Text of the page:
platelet counts and hemoglobin levels in the patient’s
Sweet’s syndrome was first described by Sweet in
1964.7The following diagnostic criteria were pro-
posed in 1986.
1. Abrupt onset of tender or painful erythematousor
violaceous plaques or nodules.
2. Predominant neutrophilic infiltration in thedermis
without leukocytoclatic vasculitis.
1. Preceded by fever or infections.
2. Accompanied by fever arthralgia, conjunctivitis or
4. Good responsetosystemic steroidsand not toanti-
Three years later, increased sedimantation rate was
added as a fifth minor criterion.8It has been sug-
gested that, to allow a definite diagnosis of Sweet’s
syndrome, both of the major criteria and at least two
of the minor criteria must be fulfilled.1In this case,
two major and four minor criteria (except leuko-
cytosis) were determined. However, an elevated neu-
trophil level was detected at a normal range just be-
fore skin lesions appeared.
Aproximately 10–15% of the reported cases of
Sweet’ssyndromeassociatedwith a malignancy, espe-
cially myeloproliferative diseases.9Several cases as-
sociated with metastatic breast carcinoma as a para-
neoplastic syndrome have been reported to date. In
all thecasesrelated to breast cancer in literature, it is
detected that Sweet’s syndrome appeared before or
at the same time as metastasis.10–13The association
between Sweet’ssyndromeand infectiousdiseasesare
well known.3,4However, only one case associated
with herpeszoster hasbeen reported in theliterature.
Fivedaysafter therecovery, using acyclovir treatment
of this patient with systemic lupus erythematosus,
neutrophil count elevated and Sweet’s syndrome oc-
curred. Thiscasewasvery similar to our case.14Her-
pes zoster-like Sweet’s syndrome has also been re-
portedintheliterature. Their patient withacutemye-
logenous leukemia had not improved by acyclovir
treatment, but had a good response to steroid treat-
ment.15In the differential diagnosis, we considered
whether theherpetic infection at thebeginning of the
history was an unusual variant of Sweet’s sydrome.
However, because of the good response to acyclovir
and thetypical featureof herpetic lesions, werejected
this idea. Although we could not rule out varicella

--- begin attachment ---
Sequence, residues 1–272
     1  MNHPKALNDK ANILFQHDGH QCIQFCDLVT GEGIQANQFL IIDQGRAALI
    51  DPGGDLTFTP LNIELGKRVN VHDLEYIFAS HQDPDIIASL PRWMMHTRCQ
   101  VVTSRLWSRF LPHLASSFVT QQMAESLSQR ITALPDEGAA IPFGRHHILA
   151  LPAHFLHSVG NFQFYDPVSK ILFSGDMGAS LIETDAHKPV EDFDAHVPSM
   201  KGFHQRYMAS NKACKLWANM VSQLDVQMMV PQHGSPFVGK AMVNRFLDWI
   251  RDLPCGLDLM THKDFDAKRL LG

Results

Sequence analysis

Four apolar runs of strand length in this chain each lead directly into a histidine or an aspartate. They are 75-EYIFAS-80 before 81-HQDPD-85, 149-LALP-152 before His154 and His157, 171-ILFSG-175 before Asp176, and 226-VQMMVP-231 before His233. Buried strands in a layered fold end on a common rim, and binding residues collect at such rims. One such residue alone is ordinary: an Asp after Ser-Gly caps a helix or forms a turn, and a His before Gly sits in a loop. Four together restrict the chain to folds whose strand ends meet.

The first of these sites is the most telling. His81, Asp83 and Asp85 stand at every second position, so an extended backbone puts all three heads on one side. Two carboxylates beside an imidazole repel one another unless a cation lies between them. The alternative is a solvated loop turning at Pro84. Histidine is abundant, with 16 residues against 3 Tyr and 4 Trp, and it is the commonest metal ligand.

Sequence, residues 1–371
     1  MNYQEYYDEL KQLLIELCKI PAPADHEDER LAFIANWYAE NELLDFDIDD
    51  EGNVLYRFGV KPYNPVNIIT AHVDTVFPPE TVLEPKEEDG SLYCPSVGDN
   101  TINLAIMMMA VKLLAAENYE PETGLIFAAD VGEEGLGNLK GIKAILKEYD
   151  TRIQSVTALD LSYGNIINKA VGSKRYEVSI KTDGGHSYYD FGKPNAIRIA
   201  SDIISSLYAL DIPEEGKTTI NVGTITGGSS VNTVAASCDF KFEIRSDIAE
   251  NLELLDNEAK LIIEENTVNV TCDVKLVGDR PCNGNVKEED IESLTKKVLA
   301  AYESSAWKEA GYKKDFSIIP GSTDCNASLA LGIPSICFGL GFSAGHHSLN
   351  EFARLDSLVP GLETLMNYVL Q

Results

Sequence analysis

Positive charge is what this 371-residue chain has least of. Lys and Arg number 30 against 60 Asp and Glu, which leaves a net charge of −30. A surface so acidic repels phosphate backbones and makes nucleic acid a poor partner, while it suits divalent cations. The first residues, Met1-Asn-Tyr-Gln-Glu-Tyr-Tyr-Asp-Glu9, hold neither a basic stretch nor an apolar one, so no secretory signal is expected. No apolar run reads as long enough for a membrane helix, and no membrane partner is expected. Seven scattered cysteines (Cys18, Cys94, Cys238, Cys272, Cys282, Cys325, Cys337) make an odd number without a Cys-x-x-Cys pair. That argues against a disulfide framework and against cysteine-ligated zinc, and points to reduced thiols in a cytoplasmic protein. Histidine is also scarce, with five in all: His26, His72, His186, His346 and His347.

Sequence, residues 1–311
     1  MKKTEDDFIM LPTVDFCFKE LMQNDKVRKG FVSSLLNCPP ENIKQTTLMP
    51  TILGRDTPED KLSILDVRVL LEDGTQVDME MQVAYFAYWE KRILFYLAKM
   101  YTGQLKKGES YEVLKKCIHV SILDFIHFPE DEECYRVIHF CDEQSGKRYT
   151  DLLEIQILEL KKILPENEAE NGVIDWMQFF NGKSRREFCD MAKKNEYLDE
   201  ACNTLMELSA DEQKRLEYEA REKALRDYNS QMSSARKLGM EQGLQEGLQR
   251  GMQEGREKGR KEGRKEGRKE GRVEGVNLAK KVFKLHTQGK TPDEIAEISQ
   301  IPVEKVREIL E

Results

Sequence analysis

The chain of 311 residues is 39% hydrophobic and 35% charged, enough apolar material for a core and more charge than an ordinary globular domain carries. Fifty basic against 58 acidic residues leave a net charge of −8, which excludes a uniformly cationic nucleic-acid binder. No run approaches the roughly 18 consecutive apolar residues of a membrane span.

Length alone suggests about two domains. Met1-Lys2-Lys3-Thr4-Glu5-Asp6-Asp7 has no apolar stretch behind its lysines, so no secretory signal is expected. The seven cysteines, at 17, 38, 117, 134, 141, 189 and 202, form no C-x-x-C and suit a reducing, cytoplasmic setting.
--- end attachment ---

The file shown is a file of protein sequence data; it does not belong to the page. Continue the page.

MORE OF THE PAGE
zoster infection without performing viral typing or
culture, weconsidered that it wasmost probably her-
pes simplex infection. Because of the normal levels
of leukocyte count before herpetic infection and the
improvement of leukocyte count after antiviral treat-
ment, we concluded that decreased leukocyte count
may be due to suppression of bone marrow by her-
petic infection in spite of bone marrow invasion by
known, but a hypersensitivity reaction to a bacterial,
viral or tumor antigen is suspected in the etiology.
This mechanism is supported by the rapid response
tosystemic corticosteroids.2,3Elevated levelsof serum
granulocyte colony-stimulating factor (G-CSF) and
interleukin 6 (IL-6) in comparison with other cyctok-
ines during acute exacerbations of Sweet’s syndrome
to consideration that G-CSF and IL-6 may be in-
volved in the pathogenesis of disease by stimulating
the production, activation and chemotaxis of neutro-
phils.19The rise in G-CSF is considered to stimulate
peripheral neutrophilsand neutrophilic infiltration of
thedermis.17Moreover, several caseswith exogenous
G-CSF-induced Sweet’s syndrome have been re-
ported.6,7In our case, Sweet’ssyndrome exacerbated
after herpetic infection improved after 14days’ acy-
clovir treatment. We consider that while the herpetic
infection was recovering, bone marrow suppression
by herpetic infection dissappeared, and in this way
neutrophilic stimulation began without using C-CSF
or GM-CSF. During this period the absolute neutro-
phil count rose from 800/mm3to 7900/mm3. The
trigger mechanism of Sweet’s syndrome in this case
may be the elevated neutrophil levels after the treat-
ment of herpetic infection. This suggestion may be
connected with the theory related to G-CSF and IL-
6. If we were able to measure G-CSF and IL-6 levels
during herpetic infection and Sweet’s syndrome, we
would have an opportunity to clarify this suggestion.
In this case, it is not possible to distinguish clearly
whether Sweet’s syndrome is related or not to meta-
static breast carcinoma. However, it can be con-
sidered that both herpetic infection and breast carci-
noma areassociatedwith Sweet’ssyndrome. Herpetic
infection may bea trigger event for theoccurrenceof
breast carcinoma. It ispossible that viral infectionsin
particular may be playing a role in the etiology of
Coskun et al.
Sweet’s syndrome with malignant diseases. Sweet’s
syndrome may be aggravated after transient bone
morrow suppression by viral infections. Asviral infec-
tionsaresometimesnotmanifestinother cases, unlike
ours, they may not be noticed. In conclusion, it is
essential to investigate viral infections, especially her-
pes infections, in the etiology of Sweet’s syndrome.
Further observations are necessary to determine the
relationship between Sweet’s syndrome and herpetic